bonesCurse Upon a Star

by Sylvia Heike

Night after night, Ida dreams of bones. They’re snow-white and perfect with a sheen like milk teeth. She stands in a cave, bending over two small skeletons holding hands. Sometimes it’s just a single skeleton, with two skulls, a spine, and twice the number of limbs. It makes no difference. Even then, she kneels, longing to touch the hollow cheek that she knows, once under her fingertips, will feel as tender as a peach.

These dreams are not nightmares; they’re the most peaceful thing Ida knows.


It’s Winter Solstice, the shortest day of the year, and the last happy moment for Ida. In the afternoon darkness, fiery stars fall from the heavens, and one burning piece of sky lands in the forest behind the house. Ida’s hands are busy rolling puff pastry when her twin girls flit out the door.

Dusting flour off her hands, she follows their footprints and laughter into the woods, not knowing she should run, run, run.

The children’s sounds fade, and the woods fall silent. She runs–snow crunching under her feet, blood thumping in her ears.

All she finds is a clearing, a snowless crater surrounded by charred pine trees. Faint smoke hangs in the air like breath. This is where her girls should be, but there is no sign of them, no footprints leading out of the hole. Ida kneels and begs and scratches at the hot dirt, but it won’t give back what it’s taken.

Countless people go missing that night: children and adults, even whole families if they’re unlucky–or perhaps they are the lucky ones. Since that cursed night, people wish upon shooting stars as often as they curse them.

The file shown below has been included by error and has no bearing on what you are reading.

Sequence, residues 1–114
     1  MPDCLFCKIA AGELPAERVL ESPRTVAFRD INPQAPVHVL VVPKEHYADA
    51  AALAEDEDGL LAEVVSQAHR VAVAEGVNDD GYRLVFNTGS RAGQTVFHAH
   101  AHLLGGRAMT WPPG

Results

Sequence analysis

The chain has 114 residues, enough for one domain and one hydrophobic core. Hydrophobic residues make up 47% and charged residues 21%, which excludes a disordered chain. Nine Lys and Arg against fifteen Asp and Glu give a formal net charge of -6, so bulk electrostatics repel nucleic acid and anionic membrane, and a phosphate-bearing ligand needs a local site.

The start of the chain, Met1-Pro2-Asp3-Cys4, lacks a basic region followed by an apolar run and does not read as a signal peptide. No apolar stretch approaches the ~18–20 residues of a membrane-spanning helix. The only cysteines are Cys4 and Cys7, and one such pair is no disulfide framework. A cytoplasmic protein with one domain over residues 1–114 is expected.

Only in Ida’s dreams, does the universe grant her closure.

For the first few years after the girls’ disappearance, the endings in Ida’s dreams were either happy or sad. That isn’t the case anymore. There’s only one finale, and it is both at once.

Ida digs through the hot, tarry soil until she falls into a cave. There she discovers the delicate, snow-white skeletons of her girls with their soft, soft cheeks. She has found them, and despite their hopeless state, in dreams, her heart is blind and infinite like a mother’s heart–only capable of love.

Her arm extends forward, gentle and loving like a branch of her heart, but she isn’t allowed to touch the girls. She can never touch them.


Seven years pass before Ida sees it again. Hope. A blazing star falling in the forest. She charges after it, trampling through untouched snow. This time she won’t be late.

She discovers the impact site among scorched pine trees. No rock, no ship. Nothing but a black hole, its blackness more perfect and complete than anything she has ever seen. It spreads slowly, eating away snow and trees, moonlight twisting and bending at the edges.

“Mummy, mummy.” From the black vortex, her girls’ voices call. Ida steps closer, arms reaching to hug and to hold.

She hears laughter–her own. She shrinks away from the black, fighting the gravitational pull of her heart. Time feels thin and stringy, a giant coil stretched out, loops and knots unravelling.

There’s a good chance it’s a trap, but in her heart the choice is already made. She has nothing to lose and everything to gain. The black nearly touches her toes. She smiles. This is the end; this is all ends. “Take me to my children,” she shouts defiantly as she leaps forward.


Ida sits up in a hospital bed as the nurse comes in and nestles two wrapped bundles in her arms. Her babies have been kept away in the isolation ward, but after a quiet, lonely wait, she is finally allowed to hold them, finally allowed to touch their soft, soft cheeks.

She will love them until the end of time, and all the way to the beginning.


Sylvia Heike lives and writes in Finland. She likes snowy winters and hiding from them in warm houses. She tweets at @sylviaheike.
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